Romonko | Nov 4, 2018 |
I love Erik Larson — he has spun an amazing nonfiction tale of madness and murder and really shows that nonfiction can be riveting! If you’re curious about the World’s Fair, murder and mystery, and the surrounding investigations, this one is for you!
  justagirlwithabook | Oct 20, 2018 |
Excerpts from my original GR review (Aug 2009; read it in 2002):
- In the top 2 or 3 nonfiction books I've read [would still consider it a top ten]. Author so very good entwining parallel stories. Opened an entirely new page of American history to me. The drama builds to climaxes you only thought were possible in fiction. The book prompted interest in more by Mr Larson. ( )
  ThoughtPolice | Oct 12, 2018 |
Showing 1-5 of 570 (next | show all)
Mr. Larson has written a dynamic, enveloping book filled with haunting, closely annotated information. And it doesn't hurt that this truth really is stranger than fiction.
 

» Add other authors (10 possible)

Author nameRoleType of authorWork?Status
Larson, Erikprimary authorall editionsconfirmed
Brick, ScottNarratorsecondary authorsome editionsconfirmed
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Epigraph
Make no little plans; they have no magic to stir men's blood.
Daniel H. Burnham

Director of Works

World's Columbian Exposition, 1893
I was born with the devil in me. I could not help the fact that I was a murderer, no more than a poet can help the inspiration to sing.
Dr. H. H. Holmes

Confession

1896
Dedication
To Chris, Kristen, Lauren, and Erin,

for making it all worthwhile

—and to Molly, whose lust for socks

kept us all on our toes
First words
The date was April 14, 1912, a sinister day in maritime history, but of course the man in suite 63–65, shelter deck C, did not yet know it.
Quotations
"Suddenly New York and St. Louis wanted the fair. Washington laid claim to the honor on the grounds it was the center of government, New York because it was the center of everything. No one cared what St. Louis thought, although the city got a wink for pluck."
"Make no little plans; they have no magic to stir men's blood"
"They are blue. Great murderers, like great men in other walks of activity, have blue eyes."
"In all the workforce in the park numbered four thousand. The ranks included a carpenter and furniture-maker named Elias Disney, who in coming years would tell many stories about the construction of this magical realm beside the lake. His son Walt would take note."
Last words
(Click to show. Warning: May contain spoilers.)
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Information from the Dutch Common Knowledge. Edit to localize it to your language.
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Book description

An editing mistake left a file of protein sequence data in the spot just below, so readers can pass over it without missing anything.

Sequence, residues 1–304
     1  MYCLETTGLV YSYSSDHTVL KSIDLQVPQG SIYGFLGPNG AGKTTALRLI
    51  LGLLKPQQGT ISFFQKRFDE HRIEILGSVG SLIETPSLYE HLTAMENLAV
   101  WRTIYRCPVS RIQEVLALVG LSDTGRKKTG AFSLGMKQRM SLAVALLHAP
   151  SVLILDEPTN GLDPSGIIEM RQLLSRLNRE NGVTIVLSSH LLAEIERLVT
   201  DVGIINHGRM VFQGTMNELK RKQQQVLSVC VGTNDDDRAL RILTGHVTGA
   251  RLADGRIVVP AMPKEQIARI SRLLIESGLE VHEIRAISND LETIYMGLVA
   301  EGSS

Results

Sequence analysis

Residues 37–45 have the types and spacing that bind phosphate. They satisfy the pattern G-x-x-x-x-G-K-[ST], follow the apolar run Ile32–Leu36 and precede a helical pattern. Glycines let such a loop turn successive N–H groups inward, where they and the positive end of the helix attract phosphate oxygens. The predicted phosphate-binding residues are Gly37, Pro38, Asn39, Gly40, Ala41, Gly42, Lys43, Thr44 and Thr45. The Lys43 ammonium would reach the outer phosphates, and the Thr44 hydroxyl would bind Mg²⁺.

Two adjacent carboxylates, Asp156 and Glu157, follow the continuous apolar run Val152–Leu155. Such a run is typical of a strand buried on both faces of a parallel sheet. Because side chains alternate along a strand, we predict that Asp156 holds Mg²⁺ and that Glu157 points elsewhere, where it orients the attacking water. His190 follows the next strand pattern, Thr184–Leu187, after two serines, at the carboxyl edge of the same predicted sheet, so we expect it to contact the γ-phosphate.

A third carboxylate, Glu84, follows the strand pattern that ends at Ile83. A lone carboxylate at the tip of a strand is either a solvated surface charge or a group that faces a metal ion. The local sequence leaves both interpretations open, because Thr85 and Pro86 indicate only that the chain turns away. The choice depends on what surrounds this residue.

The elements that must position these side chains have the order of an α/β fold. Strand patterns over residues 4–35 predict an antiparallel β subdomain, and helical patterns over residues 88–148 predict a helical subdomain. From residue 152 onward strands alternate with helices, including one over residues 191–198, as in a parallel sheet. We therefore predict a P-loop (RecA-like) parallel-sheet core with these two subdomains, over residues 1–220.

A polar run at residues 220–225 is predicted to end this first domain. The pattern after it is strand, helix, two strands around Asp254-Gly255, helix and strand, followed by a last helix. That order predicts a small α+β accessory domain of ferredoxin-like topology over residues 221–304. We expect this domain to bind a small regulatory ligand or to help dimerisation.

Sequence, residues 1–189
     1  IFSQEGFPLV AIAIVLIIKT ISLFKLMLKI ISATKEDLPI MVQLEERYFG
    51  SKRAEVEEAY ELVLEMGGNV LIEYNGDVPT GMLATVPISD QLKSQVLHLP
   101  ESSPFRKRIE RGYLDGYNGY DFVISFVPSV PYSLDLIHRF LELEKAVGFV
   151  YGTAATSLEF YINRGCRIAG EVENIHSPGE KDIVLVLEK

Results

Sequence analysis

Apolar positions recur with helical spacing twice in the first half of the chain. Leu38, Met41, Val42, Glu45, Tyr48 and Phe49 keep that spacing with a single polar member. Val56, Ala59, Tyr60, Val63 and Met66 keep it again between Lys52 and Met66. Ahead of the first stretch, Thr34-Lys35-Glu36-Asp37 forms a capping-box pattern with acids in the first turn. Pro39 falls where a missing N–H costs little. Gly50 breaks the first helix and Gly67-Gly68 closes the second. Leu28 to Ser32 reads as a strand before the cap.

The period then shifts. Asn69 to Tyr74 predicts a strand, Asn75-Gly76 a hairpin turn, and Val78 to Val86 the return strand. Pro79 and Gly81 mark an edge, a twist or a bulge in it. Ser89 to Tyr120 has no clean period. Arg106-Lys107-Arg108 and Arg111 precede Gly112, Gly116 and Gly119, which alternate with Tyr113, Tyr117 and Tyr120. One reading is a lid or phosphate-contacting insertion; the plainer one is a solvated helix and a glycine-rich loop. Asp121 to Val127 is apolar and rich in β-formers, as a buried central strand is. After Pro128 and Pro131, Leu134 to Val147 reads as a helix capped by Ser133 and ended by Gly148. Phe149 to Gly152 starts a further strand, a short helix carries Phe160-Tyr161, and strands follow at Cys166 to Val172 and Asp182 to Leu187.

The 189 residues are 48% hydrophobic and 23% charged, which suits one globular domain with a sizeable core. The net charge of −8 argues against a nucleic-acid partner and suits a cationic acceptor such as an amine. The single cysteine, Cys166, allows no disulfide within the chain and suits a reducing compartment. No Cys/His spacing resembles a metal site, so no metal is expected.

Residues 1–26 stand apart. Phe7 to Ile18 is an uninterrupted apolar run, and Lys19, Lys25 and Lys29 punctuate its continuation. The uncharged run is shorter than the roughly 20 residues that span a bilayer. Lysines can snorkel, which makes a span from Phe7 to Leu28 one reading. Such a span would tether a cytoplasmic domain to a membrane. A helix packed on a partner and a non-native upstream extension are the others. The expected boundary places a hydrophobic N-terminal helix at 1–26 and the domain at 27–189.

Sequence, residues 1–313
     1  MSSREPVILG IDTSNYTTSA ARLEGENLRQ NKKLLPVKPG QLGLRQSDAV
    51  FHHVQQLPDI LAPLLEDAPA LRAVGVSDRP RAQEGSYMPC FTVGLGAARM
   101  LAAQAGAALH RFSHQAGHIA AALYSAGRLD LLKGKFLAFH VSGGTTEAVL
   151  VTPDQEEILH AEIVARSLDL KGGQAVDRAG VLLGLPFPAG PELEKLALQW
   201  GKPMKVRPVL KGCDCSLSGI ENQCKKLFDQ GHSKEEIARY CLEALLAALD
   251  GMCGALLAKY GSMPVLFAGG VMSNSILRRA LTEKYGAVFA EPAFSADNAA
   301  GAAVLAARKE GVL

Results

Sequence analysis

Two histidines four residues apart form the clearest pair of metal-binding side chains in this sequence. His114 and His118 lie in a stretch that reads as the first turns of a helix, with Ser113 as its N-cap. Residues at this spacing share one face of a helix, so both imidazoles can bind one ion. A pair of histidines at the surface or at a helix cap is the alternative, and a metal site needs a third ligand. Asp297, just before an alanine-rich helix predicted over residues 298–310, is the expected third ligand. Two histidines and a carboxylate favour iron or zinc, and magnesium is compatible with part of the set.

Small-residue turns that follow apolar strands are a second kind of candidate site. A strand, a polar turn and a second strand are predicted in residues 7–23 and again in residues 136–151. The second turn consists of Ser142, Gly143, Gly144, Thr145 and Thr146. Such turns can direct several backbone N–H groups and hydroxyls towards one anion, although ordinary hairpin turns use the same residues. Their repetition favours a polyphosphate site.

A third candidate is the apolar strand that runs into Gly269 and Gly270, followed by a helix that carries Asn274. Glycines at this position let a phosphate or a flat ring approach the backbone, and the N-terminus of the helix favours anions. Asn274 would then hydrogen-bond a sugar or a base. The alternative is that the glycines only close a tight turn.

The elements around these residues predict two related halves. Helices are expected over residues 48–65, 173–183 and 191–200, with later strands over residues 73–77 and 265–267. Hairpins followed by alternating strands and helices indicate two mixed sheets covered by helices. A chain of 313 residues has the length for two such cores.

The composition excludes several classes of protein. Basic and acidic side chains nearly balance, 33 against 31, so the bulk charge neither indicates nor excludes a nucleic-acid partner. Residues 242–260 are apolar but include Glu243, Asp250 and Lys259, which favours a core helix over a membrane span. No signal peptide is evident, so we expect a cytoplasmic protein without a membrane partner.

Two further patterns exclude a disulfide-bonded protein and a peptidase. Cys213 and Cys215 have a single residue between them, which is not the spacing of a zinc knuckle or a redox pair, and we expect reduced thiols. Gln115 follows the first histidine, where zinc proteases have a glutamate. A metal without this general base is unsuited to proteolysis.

Author Erik Larson imbues the incredible events surrounding the 1893 Chicago World's Fair with such drama that readers may find themselves checking the book's categorization to be sure that The Devil in the White City is not, in fact, a highly imaginative novel. Larson tells the stories of two men: Daniel H. Burnham, the architect responsible for the fair's construction, and H.H. Holmes, a serial killer masquerading as a charming doctor. Burnham's challenge was immense. In a short period of time, he was forced to overcome the death of his partner and numerous other obstacles to construct the famous "White City" around which the fair was built. His efforts to complete the project, and the fair's incredible success, are skillfully related along with entertaining appearances by such notables as Buffalo Bill Cody, Susan B. Anthony, and Thomas Edison. The activities of the sinister Dr. Holmes, who is believed to be responsible for scores of murders around the time of the fair, are equally remarkable. He devised and erected the World's Fair Hotel, complete with crematorium and gas chamber, near the fairgrounds and used the event as well as his own charismatic personality to lure victims. Combining the stories of an architect and a killer in one book, mostly in alternating chapters, seems like an odd choice but it works. The magical appeal and horrifying dark side of 19th-century Chicago are both revealed through Larson's skillful writing. --John Moe

Ar 9.2, 23 Pts
Haiku summary
Grizzly killings in

the shadow of great World's Fair

held in Chicago.

(legallypuzzled)
A glittering fair,
Like a white gauze covering,
Horrifying scars.
(hillaryrose7)

Amazon.com Amazon.com Review (ISBN 0375725601, Paperback)

Author Erik Larson imbues the incredible events surrounding the 1893 Chicago World's Fair with such drama that readers may find themselves checking the book's categorization to be sure that The Devil in the White City is not, in fact, a highly imaginative novel. Larson tells the stories of two men: Daniel H. Burnham, the architect responsible for the fair's construction, and H.H. Holmes, a serial killer masquerading as a charming doctor. Burnham's challenge was immense. In a short period of time, he was forced to overcome the death of his partner and numerous other obstacles to construct the famous "White City" around which the fair was built. His efforts to complete the project, and the fair's incredible success, are skillfully related along with entertaining appearances by such notables as Buffalo Bill Cody, Susan B. Anthony, and Thomas Edison. The activities of the sinister Dr. Holmes, who is believed to be responsible for scores of murders around the time of the fair, are equally remarkable. He devised and erected the World's Fair Hotel, complete with crematorium and gas chamber, near the fairgrounds and used the event as well as his own charismatic personality to lure victims. Combining the stories of an architect and a killer in one book, mostly in alternating chapters, seems like an odd choice but it works. The magical appeal and horrifying dark side of 19th-century Chicago are both revealed through Larson's skillful writing. --John Moe

(retrieved from Amazon Thu, 12 Mar 2015 18:02:04 -0400)

(see all 9 descriptions)

While Daniel H. Burnham builds the glittering 1893 Chicago World's Fair, a serial killer lures young women to a torture chamber.

» see all 16 descriptions